Autumn Peltier + Lake Huron

Contributed by Zachary Czuprynski

Our planet is damaged. Innate flaws of humankind – greed, desire – have driven fundamental changes in the natural systems which support our livelihoods. This is not an entry to point a finger of blame on any particular entity; rather, I wish to highlight a story of optimism. After all, this was a core vision of our writing team when we set out to create the Sages platform. But who, exactly, are the environmental heroes/heroines, stewards, and activists that have historically been highlighted in media? I’ll bet on it being a popular figure – a renowned scientist, political leader, or author. However, the media has recently started to direct attention to the voices of a certain group whose input and concern for the environment has historically been overshadowed – youth. This entry describes the vigor of a young woman whose efforts may otherwise have gone unnoticed if not for the recent shift in environmental media.

Autumn Peltier is a 15-year-old indigenous activist of the Wikwemikong First Nation – an unceded Indian reserve. Located on Manitoulin Island in northern Ontario, she lives adjacent to one of the largest sources of freshwater in the world – Great Lake Huron. Huron provides nearly 2.5 million people with plentiful, sanitary drinking water as it is monitored and treated by both the U.S. and Canada. Though many take freshwater as a given, Autumn first became aware of water injustices at the age of eight. A ceremony with a neighboring First Nation community shed light on water quality issues when she visited the washroom and saw handwriting on the wall saying that the water is “not safe for consumption” and to not “drink or touch the water.” As a curious child, Autumn asked her mother about the warnings, who proceeded to explain that the insanitation of water in their partner First Nation community was not just a local problem but pervades throughout the world.

“We keep seeing and hearing that there’s First Nation communities that can’t drink their water – that it’s contaminated from pollution…one day it really affected me, and I actually cried about it.”

It is likely that this moment struck the match of Peltier’s journey as an environmental activist, advocating for sanitary water access to be considered a human right.

In 2015, Autumn Peltier joined the Children’s Climate Conference in Sweden, her first major event as an activist. The following year, she publicly criticized Canada’s Prime Minister, Justin Trudeau, and demanded that he withdraw support from the fossil fuel pipelines which were polluting fellow Canadian and First Nation communities’ sources of freshwater. By 2018 at only 13-years-old, Autumn launched her message to the international platform when she took part in the United Nations General Assembly in New York. Standing proudly behind the podium, the tone of her message was poignant.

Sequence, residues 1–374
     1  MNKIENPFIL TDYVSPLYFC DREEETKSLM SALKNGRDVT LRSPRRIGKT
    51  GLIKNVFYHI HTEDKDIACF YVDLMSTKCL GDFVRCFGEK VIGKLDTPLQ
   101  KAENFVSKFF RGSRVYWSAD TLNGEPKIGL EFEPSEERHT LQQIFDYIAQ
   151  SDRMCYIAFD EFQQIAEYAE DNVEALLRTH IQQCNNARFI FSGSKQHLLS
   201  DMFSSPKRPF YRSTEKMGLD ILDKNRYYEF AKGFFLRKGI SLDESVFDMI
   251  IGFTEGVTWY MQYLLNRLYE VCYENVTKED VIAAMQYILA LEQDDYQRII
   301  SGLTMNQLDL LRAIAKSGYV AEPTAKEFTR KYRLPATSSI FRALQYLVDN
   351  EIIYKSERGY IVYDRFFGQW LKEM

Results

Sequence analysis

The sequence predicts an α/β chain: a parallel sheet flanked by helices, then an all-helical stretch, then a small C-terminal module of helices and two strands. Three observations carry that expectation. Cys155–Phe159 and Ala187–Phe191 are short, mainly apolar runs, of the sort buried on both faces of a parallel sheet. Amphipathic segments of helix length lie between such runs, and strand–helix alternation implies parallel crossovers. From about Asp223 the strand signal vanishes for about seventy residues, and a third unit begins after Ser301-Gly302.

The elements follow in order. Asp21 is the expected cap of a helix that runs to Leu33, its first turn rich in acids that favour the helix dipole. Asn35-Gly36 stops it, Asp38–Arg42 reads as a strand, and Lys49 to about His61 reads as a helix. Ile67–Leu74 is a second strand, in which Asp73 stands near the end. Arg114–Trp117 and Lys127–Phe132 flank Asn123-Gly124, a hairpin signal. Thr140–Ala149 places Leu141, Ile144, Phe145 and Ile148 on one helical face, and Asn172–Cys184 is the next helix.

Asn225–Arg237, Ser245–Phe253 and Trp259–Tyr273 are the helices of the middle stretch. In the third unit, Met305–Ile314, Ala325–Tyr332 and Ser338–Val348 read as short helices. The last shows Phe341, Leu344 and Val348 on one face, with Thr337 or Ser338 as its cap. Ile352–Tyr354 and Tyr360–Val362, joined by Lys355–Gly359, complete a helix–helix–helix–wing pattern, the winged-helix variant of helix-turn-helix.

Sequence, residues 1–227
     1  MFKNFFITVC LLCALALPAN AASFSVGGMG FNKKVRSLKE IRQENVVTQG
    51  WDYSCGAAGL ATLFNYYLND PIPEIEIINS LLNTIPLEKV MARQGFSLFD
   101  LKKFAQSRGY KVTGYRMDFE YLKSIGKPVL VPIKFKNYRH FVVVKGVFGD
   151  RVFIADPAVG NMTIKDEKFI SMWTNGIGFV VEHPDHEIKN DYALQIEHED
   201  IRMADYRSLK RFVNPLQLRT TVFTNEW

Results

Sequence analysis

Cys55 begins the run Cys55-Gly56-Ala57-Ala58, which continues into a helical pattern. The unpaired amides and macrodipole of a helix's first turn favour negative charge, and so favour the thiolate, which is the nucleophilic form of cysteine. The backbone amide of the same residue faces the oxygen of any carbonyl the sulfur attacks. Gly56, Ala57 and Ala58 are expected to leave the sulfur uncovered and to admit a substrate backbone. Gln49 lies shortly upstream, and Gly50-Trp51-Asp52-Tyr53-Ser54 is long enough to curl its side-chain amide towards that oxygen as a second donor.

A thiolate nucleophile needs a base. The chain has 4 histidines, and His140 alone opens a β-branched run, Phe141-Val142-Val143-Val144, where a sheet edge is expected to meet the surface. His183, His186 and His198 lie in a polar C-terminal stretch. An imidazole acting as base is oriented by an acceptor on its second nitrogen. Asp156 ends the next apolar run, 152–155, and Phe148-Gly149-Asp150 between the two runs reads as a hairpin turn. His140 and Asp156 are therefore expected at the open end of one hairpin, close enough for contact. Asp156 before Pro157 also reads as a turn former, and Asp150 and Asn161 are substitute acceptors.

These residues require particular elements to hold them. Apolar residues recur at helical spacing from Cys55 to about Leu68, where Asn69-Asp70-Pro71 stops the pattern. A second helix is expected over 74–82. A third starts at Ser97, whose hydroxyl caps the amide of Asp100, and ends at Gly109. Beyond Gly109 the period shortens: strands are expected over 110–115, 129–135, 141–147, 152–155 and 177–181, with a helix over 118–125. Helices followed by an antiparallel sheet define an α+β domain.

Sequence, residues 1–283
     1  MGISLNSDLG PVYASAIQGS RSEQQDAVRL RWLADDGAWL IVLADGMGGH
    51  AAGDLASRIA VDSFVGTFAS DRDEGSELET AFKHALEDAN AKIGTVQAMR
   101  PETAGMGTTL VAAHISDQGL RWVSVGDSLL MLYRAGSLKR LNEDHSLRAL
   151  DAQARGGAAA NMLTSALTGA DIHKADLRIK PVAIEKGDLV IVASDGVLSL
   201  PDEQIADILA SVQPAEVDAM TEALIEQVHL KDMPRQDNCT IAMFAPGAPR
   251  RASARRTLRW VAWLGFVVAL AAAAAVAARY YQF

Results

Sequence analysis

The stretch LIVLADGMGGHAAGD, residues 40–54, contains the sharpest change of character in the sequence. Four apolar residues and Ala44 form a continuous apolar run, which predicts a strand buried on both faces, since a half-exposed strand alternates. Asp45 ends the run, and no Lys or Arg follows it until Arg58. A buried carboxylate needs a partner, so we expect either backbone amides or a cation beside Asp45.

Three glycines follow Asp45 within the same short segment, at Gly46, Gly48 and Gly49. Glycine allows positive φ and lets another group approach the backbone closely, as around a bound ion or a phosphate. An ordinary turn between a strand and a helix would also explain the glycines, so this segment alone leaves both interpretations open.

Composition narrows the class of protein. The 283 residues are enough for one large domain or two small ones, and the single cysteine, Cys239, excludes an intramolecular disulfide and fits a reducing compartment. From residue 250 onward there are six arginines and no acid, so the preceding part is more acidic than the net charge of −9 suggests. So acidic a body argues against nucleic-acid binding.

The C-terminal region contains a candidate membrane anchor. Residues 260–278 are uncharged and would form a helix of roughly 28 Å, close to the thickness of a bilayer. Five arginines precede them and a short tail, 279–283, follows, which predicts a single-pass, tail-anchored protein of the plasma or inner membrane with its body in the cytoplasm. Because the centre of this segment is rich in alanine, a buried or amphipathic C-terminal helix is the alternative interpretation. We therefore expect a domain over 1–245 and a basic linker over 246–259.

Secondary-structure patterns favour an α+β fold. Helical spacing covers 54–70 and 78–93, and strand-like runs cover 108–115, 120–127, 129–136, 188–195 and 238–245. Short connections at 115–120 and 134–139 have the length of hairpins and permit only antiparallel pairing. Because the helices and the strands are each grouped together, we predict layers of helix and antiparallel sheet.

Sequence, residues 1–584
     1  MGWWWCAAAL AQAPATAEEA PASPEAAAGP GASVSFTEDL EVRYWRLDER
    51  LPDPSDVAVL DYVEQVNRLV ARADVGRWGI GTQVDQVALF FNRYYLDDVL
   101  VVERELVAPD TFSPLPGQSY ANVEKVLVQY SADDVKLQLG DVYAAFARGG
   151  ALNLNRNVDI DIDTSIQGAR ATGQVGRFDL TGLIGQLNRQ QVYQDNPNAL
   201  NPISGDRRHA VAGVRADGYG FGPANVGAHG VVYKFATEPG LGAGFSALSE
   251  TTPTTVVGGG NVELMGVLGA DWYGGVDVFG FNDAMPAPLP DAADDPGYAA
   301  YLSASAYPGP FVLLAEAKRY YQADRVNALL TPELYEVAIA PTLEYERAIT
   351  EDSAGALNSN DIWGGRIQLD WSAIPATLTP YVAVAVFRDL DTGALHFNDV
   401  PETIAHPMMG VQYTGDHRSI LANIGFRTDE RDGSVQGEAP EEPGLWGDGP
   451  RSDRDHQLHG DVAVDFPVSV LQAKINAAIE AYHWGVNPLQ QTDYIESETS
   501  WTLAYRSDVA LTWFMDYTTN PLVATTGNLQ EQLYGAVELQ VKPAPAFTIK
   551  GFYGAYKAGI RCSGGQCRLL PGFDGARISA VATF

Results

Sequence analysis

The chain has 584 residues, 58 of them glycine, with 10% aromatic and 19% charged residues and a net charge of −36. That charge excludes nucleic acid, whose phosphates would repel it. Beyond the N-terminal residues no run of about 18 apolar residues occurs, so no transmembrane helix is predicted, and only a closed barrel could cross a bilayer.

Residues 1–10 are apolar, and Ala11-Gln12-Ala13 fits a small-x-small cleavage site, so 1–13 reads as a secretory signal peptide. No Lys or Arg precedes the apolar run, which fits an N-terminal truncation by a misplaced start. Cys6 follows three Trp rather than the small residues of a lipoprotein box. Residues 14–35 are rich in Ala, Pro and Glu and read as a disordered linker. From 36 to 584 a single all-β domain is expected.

“Water is the lifeblood of Mother Earth. Whether it’s frozen, in the form of rain or clouds, in rivers, lakes or oceans, water is around us and sustains us all. Everything is connected to this issue of clean water, and it impacts our health and well-being.”

UN
Autumn speaking to United Nations General Assembly (Courtesy of the United Nations)

Since speaking at the UN, Autumn has gained notoriety and momentum from the international community. She received numerous acknowledgements, was nominated for the Children’s International Peace Prize, and received the 2019 “Planet in Focus” Youth Eco-hero Award. Now known as the “Water Warrior”, Autumn Peltier returned to give another speech at the UN where she reiterated her message.

“I was confused, as Canada is not a Third World country, but here in my country, the Indigenous People live in Third World conditions…We can’t eat money or drink oil.”

Though Peltier’s home is within the majestic Great Lakes, her message and her mission are global. Clean and sufficient water is commonly distributed to communities who are historically privileged with respect to income, political connections, and race. Autumn challenges this paradigm by acknowledging one, unified hydrologic cycle and the fundamental connection of humanity.

“When you ask the question about why the water is so sacred, it’s not just because we need it, and nothing can survive without water. It’s because for years and years our ancestors have passed on traditional oral knowledge that our water is alive, and our water has a spirit. Our first water teaching comes from within our own mother. We literally live in water for nine months, floating in that sacred water that gives us life. We can’t live in our mother’s womb without water.”

Just as all of us once lived in the water of our mother’s wombs, we continue to exist, each day, in the womb of the Earth – completely dependent on its nutrients for our survival. So, let us actively listen to the youth of our world. After all, they are the ones who carry the burden of our actions.

 “We can’t just pray anymore. We must do something, and we must do it now.”

 

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